Chapter 17: Antidepressant Agents
Depression is categorized as a mood disorder. Overall, mood disorders are classified as:1
(1) depressive disorders
(2) bipolar disorders and
(3) depression which occurs in the context of a medical illness or alcohol and substance abuse.
Depressive disorders do not exhibit manic or hypomanic components characteristic of bipolar disease.
Unipolar major depression ranked fourth among all diseases with respect to disability-adjusted life-years; furthermore, this rank is increasing and may reach second within a decade.1
Depression may occur in association with various medical illnesses.1
Perhaps as many as 1/3 of cardiac patients may exhibit depression; moreover, depressive presentations may be especially associated with unstable (Prinzmetal’s) angina, cardiac bypass surgery, myocardial infarction or heart transplant.1,26
Depression in these settings may inhibit rehabilitation and contribute to enhanced morbidity and mortality.
Variability in heart rate due to reduced autonomic parasympathetic (cholinergic) tone appears may occur with depression.
One category of antidepressants, the tricyclic antidepressants (TCAs), is contraindicated in those individuals will bundle branch blockade; furthermore, TCA-induced tachycardia may exacerbate underlying congestive heart failure.
By contrast, the serotonin specific reuptake inhibitors (SSRIs), a newer class of antidepressants, are not typically associated with either ECG (electrocardiographic) changes or adverse cardiac effects.
Depression and other psychological issues associated with convalescence following myocardial infarction.24
In the 1940s patients often were prescribed a six-month convalescence period to allow recovery from myocardial infarction (MI).
By the 1970s, "early mobilization" was recommended for patients with an uncomplicated hospital course.
For asymptomatic patients with uncomplicated coronary disease resumption of activity was recommended by some following six weeks of convalescence. At present, convalescence following myocardial infarction is often much shorter.
However, at least in the 1970s, many patients, perhaps 50%, remained inactive for an extended period exhibiting reluctance to return to work.
Psychosocial factors such as anxiety, depression, and fear of another infarction were suggested as reasons explaining reluctance to return to work.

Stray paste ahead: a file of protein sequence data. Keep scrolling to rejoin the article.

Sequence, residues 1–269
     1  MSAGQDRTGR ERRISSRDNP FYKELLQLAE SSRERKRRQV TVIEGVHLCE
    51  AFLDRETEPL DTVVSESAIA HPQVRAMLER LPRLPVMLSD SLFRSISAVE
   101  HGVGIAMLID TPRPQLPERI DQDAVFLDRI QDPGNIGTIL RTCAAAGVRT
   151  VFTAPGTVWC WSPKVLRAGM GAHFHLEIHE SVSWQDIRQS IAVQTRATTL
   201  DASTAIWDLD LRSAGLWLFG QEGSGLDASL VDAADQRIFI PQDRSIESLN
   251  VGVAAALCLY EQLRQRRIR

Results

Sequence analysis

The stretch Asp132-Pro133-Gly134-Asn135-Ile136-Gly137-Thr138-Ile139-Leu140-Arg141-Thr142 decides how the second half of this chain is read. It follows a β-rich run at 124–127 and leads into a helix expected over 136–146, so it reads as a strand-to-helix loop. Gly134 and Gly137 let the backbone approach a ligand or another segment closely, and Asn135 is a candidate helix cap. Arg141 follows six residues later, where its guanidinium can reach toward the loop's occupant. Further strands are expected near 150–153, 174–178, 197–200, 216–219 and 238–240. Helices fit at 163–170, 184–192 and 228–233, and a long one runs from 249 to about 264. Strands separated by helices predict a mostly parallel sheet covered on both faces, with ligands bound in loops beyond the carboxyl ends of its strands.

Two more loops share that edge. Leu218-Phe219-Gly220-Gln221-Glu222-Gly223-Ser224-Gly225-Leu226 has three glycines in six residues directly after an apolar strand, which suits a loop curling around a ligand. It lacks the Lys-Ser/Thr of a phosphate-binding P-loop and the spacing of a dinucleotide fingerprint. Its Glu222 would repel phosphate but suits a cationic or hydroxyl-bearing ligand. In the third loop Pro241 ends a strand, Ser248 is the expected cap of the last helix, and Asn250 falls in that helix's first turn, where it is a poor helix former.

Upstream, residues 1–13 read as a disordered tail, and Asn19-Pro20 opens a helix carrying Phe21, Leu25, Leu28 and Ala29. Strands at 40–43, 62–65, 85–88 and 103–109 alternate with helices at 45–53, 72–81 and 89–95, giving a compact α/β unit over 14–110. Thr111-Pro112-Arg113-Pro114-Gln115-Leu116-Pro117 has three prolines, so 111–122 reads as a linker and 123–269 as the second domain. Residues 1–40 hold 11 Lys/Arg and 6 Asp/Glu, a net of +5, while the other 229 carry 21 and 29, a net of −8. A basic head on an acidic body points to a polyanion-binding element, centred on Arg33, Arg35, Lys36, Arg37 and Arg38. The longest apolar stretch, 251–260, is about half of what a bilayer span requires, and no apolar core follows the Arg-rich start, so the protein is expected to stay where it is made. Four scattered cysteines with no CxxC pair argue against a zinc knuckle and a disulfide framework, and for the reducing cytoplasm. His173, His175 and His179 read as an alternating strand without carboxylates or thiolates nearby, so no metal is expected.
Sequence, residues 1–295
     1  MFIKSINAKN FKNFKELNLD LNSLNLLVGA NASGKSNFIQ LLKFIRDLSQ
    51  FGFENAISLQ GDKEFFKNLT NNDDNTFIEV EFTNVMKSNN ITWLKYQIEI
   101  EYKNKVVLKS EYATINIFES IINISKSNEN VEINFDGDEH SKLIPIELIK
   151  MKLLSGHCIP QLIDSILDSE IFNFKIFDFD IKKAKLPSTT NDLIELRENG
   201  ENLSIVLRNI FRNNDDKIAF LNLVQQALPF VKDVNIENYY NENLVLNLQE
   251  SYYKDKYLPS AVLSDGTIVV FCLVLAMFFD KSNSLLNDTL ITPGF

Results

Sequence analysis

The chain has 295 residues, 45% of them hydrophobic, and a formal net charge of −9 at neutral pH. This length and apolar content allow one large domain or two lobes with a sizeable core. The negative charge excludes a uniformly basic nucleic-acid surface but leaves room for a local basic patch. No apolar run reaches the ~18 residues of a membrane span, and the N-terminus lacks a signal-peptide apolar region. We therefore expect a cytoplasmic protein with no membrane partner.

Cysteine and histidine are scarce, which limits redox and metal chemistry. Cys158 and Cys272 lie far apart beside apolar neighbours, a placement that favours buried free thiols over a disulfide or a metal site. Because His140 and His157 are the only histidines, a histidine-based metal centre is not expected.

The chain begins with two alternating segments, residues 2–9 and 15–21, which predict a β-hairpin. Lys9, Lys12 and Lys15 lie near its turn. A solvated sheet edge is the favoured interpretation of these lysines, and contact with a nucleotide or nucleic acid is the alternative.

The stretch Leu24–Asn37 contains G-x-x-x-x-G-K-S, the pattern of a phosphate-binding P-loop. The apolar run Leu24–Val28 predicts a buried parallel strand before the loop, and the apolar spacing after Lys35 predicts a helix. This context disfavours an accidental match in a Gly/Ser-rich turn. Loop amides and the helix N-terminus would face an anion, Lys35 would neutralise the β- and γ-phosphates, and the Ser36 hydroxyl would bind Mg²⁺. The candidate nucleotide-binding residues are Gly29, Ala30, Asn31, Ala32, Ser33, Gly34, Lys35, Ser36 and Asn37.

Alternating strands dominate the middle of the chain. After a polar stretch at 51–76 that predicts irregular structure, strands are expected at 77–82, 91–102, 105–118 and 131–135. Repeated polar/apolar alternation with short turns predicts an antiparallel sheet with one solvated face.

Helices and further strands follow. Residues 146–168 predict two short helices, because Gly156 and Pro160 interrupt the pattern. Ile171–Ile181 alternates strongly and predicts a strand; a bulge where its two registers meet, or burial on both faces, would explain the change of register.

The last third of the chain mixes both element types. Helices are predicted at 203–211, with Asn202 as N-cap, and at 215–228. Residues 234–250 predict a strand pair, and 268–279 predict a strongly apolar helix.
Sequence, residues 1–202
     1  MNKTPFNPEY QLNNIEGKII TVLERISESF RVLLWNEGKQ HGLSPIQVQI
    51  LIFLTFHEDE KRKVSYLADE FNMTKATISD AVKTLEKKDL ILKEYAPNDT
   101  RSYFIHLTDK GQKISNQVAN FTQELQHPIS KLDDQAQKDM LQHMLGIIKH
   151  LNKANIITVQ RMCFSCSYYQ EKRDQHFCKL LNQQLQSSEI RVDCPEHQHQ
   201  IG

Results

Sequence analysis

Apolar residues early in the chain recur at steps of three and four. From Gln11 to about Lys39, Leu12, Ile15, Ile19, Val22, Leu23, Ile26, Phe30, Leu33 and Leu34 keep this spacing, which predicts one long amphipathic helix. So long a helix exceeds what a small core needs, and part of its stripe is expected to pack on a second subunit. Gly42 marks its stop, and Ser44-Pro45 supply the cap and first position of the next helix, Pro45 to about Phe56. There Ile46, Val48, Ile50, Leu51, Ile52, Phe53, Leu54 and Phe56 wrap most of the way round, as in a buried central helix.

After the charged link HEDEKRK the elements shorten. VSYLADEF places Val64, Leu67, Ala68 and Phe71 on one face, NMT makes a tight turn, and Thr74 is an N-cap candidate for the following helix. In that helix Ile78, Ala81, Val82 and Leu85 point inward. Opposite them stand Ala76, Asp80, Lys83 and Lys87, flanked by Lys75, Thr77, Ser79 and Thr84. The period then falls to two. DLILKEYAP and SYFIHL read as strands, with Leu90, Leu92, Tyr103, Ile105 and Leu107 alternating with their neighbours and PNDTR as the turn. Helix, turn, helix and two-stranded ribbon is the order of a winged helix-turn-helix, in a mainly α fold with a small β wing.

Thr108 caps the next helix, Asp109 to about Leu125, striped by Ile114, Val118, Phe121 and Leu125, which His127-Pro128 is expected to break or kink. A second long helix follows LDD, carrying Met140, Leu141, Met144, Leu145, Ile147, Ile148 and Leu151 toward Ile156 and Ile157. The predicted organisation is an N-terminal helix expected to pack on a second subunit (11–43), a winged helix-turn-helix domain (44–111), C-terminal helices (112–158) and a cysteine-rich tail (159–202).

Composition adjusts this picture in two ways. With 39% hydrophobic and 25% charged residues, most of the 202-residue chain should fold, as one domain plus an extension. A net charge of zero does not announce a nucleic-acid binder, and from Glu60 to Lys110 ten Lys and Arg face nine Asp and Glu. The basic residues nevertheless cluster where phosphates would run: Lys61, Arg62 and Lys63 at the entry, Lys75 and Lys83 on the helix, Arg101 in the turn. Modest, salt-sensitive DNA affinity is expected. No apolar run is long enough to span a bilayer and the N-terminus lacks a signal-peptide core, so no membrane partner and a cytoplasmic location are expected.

A study involving 400 patients involved in cardiac rehabilitation concluded that unwarranted emotional distress with invalidism occurred in about half the patients.25
For those patients remaining unemployed for more than six months, psychosocial difficulties appeared responsible.
For about 50 of the 107 patients remaining unemployable, the reason appeared to be preventable psychiatric problems.
Cancer patients are also likely to exhibit depression; the overall prevalence is about 25%.1
However, with certain cancers, for example pancreatic cancer or oropharyngeal cancer the incidence may approach 40%-50% of patients.
Antidepressant medications in cancer patients may improve quality of life and mood; moreover, short-term depression, pain symptoms, and anxiety may be alleviated using psychotherapeutic management.
In the United States cancer appears responsible for about 25% of deaths, only heart disease exhibits a higher percentage.
Major depressive disorder accounts for about 4.4% of overall disease burden; this contribution is of the same order as noted for ischemic heart disease or diarrheal disease.
Disability Adjusted Life Years (DALYs) for depression may be soon greater than that observed for cancer or HIV-related disease.
Although the overall prevalence for cancer patients exhibiting depression may be about 25% as noted above, prevalence rates of depression in patients with solid tumors range from about 20%-50%.6
This estimate includes all depressive disorders as opposed to only major depressive disorder.6
When considering major depressive disorder, a recent study considering 201 recently diagnosed cancer patients concluded that about 15% of patients likely suffered from major depressive disorder.7
Another estimate of major depressive disorder, considering cancer patients many of whom had inactive disease was about 8%.8
For inpatients with hematological cancer and for breast cancer patients, major depression estimates were about 9%.9,10
Among low-income women with cancer, prevalence rates for major depressive disorder were noted at about 24%.11
Many estimates for major depressive disorder were determined near the time of cancer diagnosis; moreover, additional research is needed to determine depressive disorder prevalence in years following diagnosis.
For example, at time of first breast cancer diagnosis of major depressive disorder was estimated at 22%.12
Women with a diagnosis of early breast cancer exhibited an initial depression and anxiety prevalence of about 33% (and diagnosis), decreasing to 15% at one year but then increasing to 45% following diagnosis of recurrence.12